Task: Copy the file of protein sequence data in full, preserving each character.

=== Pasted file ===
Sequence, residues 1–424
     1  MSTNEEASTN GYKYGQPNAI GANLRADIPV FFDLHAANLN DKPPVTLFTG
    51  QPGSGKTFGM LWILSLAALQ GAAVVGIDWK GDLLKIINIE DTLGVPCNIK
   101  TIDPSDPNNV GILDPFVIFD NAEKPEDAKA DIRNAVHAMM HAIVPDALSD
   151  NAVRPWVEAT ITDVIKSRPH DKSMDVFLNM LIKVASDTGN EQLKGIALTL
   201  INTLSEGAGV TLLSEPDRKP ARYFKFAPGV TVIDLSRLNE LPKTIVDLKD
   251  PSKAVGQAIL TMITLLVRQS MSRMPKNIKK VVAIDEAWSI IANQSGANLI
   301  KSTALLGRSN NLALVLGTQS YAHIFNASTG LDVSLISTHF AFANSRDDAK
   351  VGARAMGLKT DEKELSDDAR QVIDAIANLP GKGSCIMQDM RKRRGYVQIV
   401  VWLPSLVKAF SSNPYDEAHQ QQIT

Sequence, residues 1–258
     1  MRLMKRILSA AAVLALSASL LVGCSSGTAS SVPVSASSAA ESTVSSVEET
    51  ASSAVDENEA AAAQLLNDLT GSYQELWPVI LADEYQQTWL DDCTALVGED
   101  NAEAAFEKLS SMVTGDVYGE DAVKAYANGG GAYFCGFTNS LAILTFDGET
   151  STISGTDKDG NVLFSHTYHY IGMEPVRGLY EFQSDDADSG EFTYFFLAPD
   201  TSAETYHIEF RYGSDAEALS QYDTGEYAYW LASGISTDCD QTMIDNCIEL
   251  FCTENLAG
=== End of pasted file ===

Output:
Sequence, residues 1–424
     1  MSTNEEASTN GYKYGQPNAI GANLRADIPV FFDLHAANLN DKPPVTLFTG
    51  QPGSGKTFGM LWILSLAALQ GAAVVGIDWK GDLLKIINIE DTLGVPCNIK
   101  TIDPSDPNNV GILDPFVIFD NAEKPEDAKA DIRNAVHAMM HAIVPDALSD
   151  NAVRPWVEAT ITDVIKSRPH DKSMDVFLNM LIKVASDTGN EQLKGIALTL
   201  INTLSEGAGV TLLSEPDRKP ARYFKFAPGV TVIDLSRLNE LPKTIVDLKD
   251  PSKAVGQAIL TMITLLVRQS MSRMPKNIKK VVAIDEAWSI IANQSGANLI
   301  KSTALLGRSN NLALVLGTQS YAHIFNASTG LDVSLISTHF AFANSRDDAK
   351  VGARAMGLKT DEKELSDDAR QVIDAIANLP GKGSCIMQDM RKRRGYVQIV
   401  VWLPSLVKAF SSNPYDEAHQ QQIT

Sequence, residues 1–258
     1  MRLMKRILSA AAVLALSASL LVGCSSGTAS SVPVSASSAA ESTVSSVEET
    51  ASSAVDENEA AAAQLLNDLT GSYQELWPVI LADEYQQTWL DDCTALVGED
   101  NAEAAFEKLS SMVTGDVYGE DAVKAYANGG GAYFCGFTNS LAILTFDGET
   151  STISGTDKDG NVLFSHTYHY IGMEPVRGLY EFQSDDADSG EFTYFFLAPD
   201  TSAETYHIEF RYGSDAEALS QYDTGEYAYW LASGISTDCD QTMIDNCIEL
   251  FCTENLAG